Sweet Home senior one of 42 West Coast students awarded ROTC scholarship

Scott Swanson

Ricky Yunke wasn’t sure what was going on when he got called out of class Friday morning, March 23, to a meeting in the Sweet Home High School library.

“They told me I had a quick wrestling meeting,” said the senior. “That sounded a little weird.”

Yunke, though, left his AP Government class and dutifully headed to the library, where he walked in on a crowd of 50-plus family, coaches, teachers and friends – and U.S. Marine Corps. Capt. Mack Marcenelle, an executive recruiting officer for the Reserve Officer Training Corps from Portland, who was there to give him the good news that he’d just been selected for a full-ride ROTC scholarship at Oregon State University.

“I had no idea what was going on until I stepped around the corner and saw my parents and Capt. Marcenelle,” he said.

Marcenelle said the scholarship, which he said will likely total about $180,000 over four years, includes tuition fees and other expenses at the school. Yunke competed against 192 other applicants across the West, of which 42 were selected, Marcenelle said.

He said that, in addition to an “extremely high GPA” and good performances on the SAT and ACT tests, Yunke’s years in athletics and his community service as a search and rescue volunteer were deciding factors. Yunke was an acknowledged leader on the wrestling team, particularly as the Huskies won a third-place team trophy this year, and was a two-time state place-winner, including runner-up as a junior.

“We’re looking for well-rounded individuals,” Marcenelle said later, “not necessarily for someone who is the smartest in their class or the most physically fit. Someone who’s got it all. That’s Ricky. His application was stacked with statistics, letters of recommendation from teachers, people in the community. He had it all.”

He noted that Yunke has been a three-sport varsity athlete in wrestling, cross-country and track and has logged more than 1,000 hours on the Search and Rescue squad.

“We’re looking for someone who has taken the step to serve someone other than themselves,” Marcenelle said.

He told the crowd, “I had the pleasure of going to Los Angeles and briefing his application personally as he competed against all the other applicants and he stood out among all of them.”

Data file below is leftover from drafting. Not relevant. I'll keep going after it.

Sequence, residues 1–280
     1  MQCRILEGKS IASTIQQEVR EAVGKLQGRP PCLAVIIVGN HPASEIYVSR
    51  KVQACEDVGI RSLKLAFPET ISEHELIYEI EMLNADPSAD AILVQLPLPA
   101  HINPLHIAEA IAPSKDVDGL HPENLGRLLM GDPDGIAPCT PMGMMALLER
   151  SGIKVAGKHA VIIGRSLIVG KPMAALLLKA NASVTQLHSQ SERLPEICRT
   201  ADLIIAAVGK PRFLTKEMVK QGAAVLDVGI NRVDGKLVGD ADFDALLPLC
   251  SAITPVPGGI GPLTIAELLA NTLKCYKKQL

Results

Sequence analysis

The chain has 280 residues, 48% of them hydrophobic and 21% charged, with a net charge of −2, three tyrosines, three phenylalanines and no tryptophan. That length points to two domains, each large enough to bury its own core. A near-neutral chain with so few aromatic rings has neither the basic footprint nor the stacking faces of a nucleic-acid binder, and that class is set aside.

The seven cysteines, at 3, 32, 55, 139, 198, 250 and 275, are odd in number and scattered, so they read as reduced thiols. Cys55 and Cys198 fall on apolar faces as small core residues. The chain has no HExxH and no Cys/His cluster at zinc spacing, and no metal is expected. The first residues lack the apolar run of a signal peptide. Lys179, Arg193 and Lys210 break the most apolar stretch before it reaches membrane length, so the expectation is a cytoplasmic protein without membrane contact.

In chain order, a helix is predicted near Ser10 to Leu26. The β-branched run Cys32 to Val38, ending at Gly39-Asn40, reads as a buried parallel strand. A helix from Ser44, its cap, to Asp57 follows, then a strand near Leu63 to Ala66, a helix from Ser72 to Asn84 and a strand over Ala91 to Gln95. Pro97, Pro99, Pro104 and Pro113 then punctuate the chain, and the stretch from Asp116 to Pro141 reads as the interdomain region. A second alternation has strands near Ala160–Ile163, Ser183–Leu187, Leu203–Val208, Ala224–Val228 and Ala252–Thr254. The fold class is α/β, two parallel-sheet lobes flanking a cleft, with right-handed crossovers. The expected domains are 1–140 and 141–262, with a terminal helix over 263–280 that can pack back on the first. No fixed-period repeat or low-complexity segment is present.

He said Yunke will attend school like any other student, except that he will participate in physical training – “PT” – each morning at 6 a.m., as well as other military training during his college years.

“Gotta have coffee ready,” suggested one of Yunke’s teammates in the crowd, drawing a laugh.

Yunke will also attend Officer Candidate School, which Marcenelle described as a challenging “officer’s form of boot camp.”

“Officer Candidate School is not a training program, it’s an evaluation program. There’s a high attrition rate out of OCS. Guys who are selected to go there typically don’t make it.”

He said ROTC students typically have less trouble getting through OCS than civilians “like myself,” who come from normal college programs. He said he doesn’t think Yunke will have to worry about getting through OCS.

Following that step, Yunke would go through six months of Marine Corps officer training.

“Every Marine is a rifleman, so regardless of his job in the Marines he’ll be trained as a Marine rifleman first. Then, as an officer of Marines, he’ll be a leader of his Marines. He’ll be trained as an infantry platoon commander.”

After Infantry Commander School, Yunke would then move on to occupational training which, Marcenelle told the crowd, “could be anything from intelligence, communications, logistics. You can stick with infantry if you want. If you want to go blow things up, you can be a combat engineeer. There’s any number of things you can do.

“Needless to say,” he told Yunke, “I think the next six years of your life will be pretty well structured, pretty well planned.”

Yunke, who has a 3.50 GPA as he nears graduation, said he plans to major in psychology or sociology with the aim of pursuing military law enforcement. He said if he still likes it after the mandatory four years, he will probably pursue a career in the Marines.

He said he’s “always been interested in the military, since I was about 3 or 4. I just didn’t know what branch. I said, ‘Mommy, I want to be an Army man.’ She said, ‘Well, OK, you’ll get there.'”

He said he got interested in the ROTC scholarship after talking to some military personnel about their experiences and their recommendations.

“I looked on the Marines website and figured I had the potential to do it, so I went for it,” he said..

He said his wrestling was a big part of the process.

“You’re always working hard, always wanting to push yourself. And if you didn’t get recognized for working hard, you’re going, ‘Man, I thought I was working my hardest. Maybe I’ve got more.’

“Just pushing yourself to find that 200 percent when you thought you only had 100.”

His parents, Fritz and Shawn Yunke, thanked those at the announcement for their support, “to everyone who believed in him,” his mother put it.

“Thanks to everyone who helped him along the way,” Fritz Yunke said. “Friends, coaches, who kept him on track and not in trouble, who kept pushing with us to get him here.”

Longtime Coach Steve Thorpe told the crowd he was “very proud” of Ricky Yunke.

“You’re one of seven in Oregon,” he told Yunke. “You set yourself apart, stayed on track, stayed clean. You did the right thing, which isn’t always the easiest thing.”

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